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Hudson Valley Press

October 23rd, 2013

1,500 walkers gather to support ALS families

Over 1,500 walkers from local communities gathered on the Walkway Over the Hudson recently to take part in the 5th annual Walk to Defeat ALS in the Hudson Valley. Over $150,000 was raised this year.

HIGHLAND – More than 1,500 Hudson Valley residents walked together on the Walkway Over the Hudson Sunday for a common cause: to support those with ALS (commonly known as Lou Gehrig’s Disease) and their families and to find a cure for the deadly disease.

A record 92 fundraising teams turned out on a chilly but sunny morning, raising more than $150,000 at the Fifth Annual Walk to Defeat ALS in the Hudson Valley. The event was sponsored by The ALS Association Greater New York Chapter and the Notre Dame Club of the Hudson Valley. Organizers say the final total amount raised at the event won’t be known until all recent donations are tallied.

The Notre Dame Club launched the first walk in 2009 in honor of a club member, Gus Raspitha, who had died of ALS earlier that year. Club member Les McCarthy, co-chair of this year’s event, said he was "overwhelmed" by the support mid-Hudson Valley residents have shown for ALS patients over the past four years.

"Since the first walk took place, critical services have become available to our ALS patients and their caregivers, including a patient/nurse coordinator, an equipment loan program, a support group and transportation to and from ALS clinics in the metropolitan New York area. And soon a local social worker will be added to the staff, all at no cost to the patients," McCarthy said. "Our hat is off to our Hudson Valley neighbors for their unending support."

Dorine Gordon, President & CEO of The ALS Association Greater New York Chapter, said the event not only raises funds for research and support for local families but also public awareness about the disease.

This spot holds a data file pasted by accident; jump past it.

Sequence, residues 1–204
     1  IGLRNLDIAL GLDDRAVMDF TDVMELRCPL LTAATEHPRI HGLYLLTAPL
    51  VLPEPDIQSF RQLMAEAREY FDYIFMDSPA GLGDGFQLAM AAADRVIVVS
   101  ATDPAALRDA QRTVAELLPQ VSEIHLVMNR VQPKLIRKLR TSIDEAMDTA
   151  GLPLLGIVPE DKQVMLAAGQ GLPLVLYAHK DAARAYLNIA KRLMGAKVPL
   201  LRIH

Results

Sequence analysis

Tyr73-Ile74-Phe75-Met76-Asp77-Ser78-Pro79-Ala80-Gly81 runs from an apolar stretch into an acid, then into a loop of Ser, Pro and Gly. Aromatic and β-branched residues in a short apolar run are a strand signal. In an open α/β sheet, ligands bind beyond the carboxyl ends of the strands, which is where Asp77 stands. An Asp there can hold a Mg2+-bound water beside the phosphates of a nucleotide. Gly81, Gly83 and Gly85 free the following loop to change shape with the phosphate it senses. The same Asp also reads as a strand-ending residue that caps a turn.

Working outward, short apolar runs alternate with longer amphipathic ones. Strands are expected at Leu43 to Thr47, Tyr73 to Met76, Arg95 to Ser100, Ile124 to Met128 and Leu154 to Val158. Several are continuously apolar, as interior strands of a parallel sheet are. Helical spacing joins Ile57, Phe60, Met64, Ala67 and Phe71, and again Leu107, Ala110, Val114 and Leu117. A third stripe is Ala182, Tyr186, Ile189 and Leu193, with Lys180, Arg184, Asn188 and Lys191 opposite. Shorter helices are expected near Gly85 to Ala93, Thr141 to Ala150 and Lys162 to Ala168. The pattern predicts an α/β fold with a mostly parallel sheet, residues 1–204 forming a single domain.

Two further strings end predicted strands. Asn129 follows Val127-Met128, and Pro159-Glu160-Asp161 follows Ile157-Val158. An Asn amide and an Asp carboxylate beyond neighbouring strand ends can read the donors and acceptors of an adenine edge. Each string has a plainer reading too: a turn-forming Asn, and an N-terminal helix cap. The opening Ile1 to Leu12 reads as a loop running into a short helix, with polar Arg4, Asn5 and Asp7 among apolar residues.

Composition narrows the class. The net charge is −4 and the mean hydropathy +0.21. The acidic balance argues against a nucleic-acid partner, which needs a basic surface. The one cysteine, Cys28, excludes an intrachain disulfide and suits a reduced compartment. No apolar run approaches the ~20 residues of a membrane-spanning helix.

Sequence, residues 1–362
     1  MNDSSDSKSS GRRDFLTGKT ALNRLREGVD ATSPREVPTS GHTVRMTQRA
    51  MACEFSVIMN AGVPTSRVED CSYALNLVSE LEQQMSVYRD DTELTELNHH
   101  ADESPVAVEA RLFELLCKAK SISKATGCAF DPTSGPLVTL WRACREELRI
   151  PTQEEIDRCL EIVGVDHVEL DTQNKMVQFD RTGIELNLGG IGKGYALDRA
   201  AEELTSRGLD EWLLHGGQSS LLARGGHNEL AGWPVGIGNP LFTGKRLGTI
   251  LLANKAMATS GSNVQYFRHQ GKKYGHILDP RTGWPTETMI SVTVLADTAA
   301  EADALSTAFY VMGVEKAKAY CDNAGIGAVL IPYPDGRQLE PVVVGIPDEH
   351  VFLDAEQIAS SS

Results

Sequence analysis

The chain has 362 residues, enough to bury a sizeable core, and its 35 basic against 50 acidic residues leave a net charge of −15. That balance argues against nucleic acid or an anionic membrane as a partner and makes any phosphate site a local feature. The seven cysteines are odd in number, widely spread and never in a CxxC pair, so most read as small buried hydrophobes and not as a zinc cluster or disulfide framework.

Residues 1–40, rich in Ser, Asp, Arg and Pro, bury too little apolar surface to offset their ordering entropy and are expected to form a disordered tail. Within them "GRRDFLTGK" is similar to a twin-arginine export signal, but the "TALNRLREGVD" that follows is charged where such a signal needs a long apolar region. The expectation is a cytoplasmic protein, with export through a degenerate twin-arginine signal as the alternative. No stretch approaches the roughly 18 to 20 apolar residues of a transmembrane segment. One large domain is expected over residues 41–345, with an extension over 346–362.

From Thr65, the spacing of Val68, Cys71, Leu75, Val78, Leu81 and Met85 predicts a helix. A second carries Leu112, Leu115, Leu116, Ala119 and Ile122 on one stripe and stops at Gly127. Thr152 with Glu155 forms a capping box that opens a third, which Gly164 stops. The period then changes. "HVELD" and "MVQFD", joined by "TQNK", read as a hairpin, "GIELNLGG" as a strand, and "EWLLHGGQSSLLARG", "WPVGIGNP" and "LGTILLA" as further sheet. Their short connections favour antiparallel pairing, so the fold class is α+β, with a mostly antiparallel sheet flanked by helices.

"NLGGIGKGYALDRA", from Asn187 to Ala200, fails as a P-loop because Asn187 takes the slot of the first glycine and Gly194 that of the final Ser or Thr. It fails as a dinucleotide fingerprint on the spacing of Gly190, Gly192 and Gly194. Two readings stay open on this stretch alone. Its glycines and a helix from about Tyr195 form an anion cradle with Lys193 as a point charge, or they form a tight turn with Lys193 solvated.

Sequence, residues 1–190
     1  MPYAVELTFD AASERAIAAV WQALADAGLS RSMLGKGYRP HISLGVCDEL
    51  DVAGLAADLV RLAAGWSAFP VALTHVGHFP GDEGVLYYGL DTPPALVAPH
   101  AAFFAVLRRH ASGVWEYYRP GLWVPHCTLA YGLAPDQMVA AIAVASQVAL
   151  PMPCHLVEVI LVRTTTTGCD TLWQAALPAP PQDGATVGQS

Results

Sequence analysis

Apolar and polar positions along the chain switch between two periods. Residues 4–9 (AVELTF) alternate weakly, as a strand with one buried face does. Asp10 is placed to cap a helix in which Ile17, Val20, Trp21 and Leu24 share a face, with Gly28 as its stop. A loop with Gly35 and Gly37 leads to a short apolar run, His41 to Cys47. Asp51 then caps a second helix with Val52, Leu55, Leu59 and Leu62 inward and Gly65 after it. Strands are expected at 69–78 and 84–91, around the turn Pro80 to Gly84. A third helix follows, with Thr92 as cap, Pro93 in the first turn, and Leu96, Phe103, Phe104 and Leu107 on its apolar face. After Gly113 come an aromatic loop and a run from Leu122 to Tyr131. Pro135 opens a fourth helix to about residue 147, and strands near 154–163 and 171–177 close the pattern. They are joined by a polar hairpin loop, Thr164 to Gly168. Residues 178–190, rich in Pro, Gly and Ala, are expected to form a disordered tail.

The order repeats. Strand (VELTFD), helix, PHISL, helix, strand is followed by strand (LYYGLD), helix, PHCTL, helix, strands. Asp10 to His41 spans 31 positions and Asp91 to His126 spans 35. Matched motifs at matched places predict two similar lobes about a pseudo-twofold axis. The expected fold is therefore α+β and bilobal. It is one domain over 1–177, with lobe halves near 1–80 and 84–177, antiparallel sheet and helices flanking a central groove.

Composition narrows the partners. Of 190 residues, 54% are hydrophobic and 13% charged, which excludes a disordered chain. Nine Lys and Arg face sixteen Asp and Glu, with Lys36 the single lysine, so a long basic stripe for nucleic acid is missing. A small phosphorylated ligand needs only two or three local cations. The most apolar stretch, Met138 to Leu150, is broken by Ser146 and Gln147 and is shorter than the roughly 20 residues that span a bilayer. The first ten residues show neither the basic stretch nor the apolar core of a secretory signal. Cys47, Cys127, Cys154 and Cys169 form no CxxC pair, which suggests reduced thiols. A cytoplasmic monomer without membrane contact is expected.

"It’s so important for families to know they’re not alone, that there is a community here that is providing vital services for ALS patients," Gordon said. "This event grows every year, and it sends an important message, not only to the ALS families but to ALS Association staff who are doing such a wonderful job supporting those families."

Gordon said the money raised at Sunday’s event would enable the ALS Association to add a full-time social worker for Hudson Valley ALS families.

Lagrangeville resident Anne Senchack attended the event with 20 of his family members and friends in honor of her mother, Josephine Fogarty, who died of ALS in July of 2012.

"We’re here to honor Mom but also to support all the other families who are going through this," Senchack said.

Samantha Myle, of Wappingers Falls, said she had been walking every year for the past eight years in memory of her father, Arnold Lamberg, who died 21 years ago.

"We went all the way to Yonkers for the walks before they started one here, and we’ve been at all five walks over the Walkway," Myle said. "It’s important to support all the families, and it’s amazing to watch it get bigger every year."

Amyotrophic lateral sclerosis is a progressive, fatal, neuromuscular disease that affects nerve cells and the brain and spinal cord. To learn more about the disease and how to help patients and their families, visit The ALS Association Greater New York chapter website at or call 212-619-1400.

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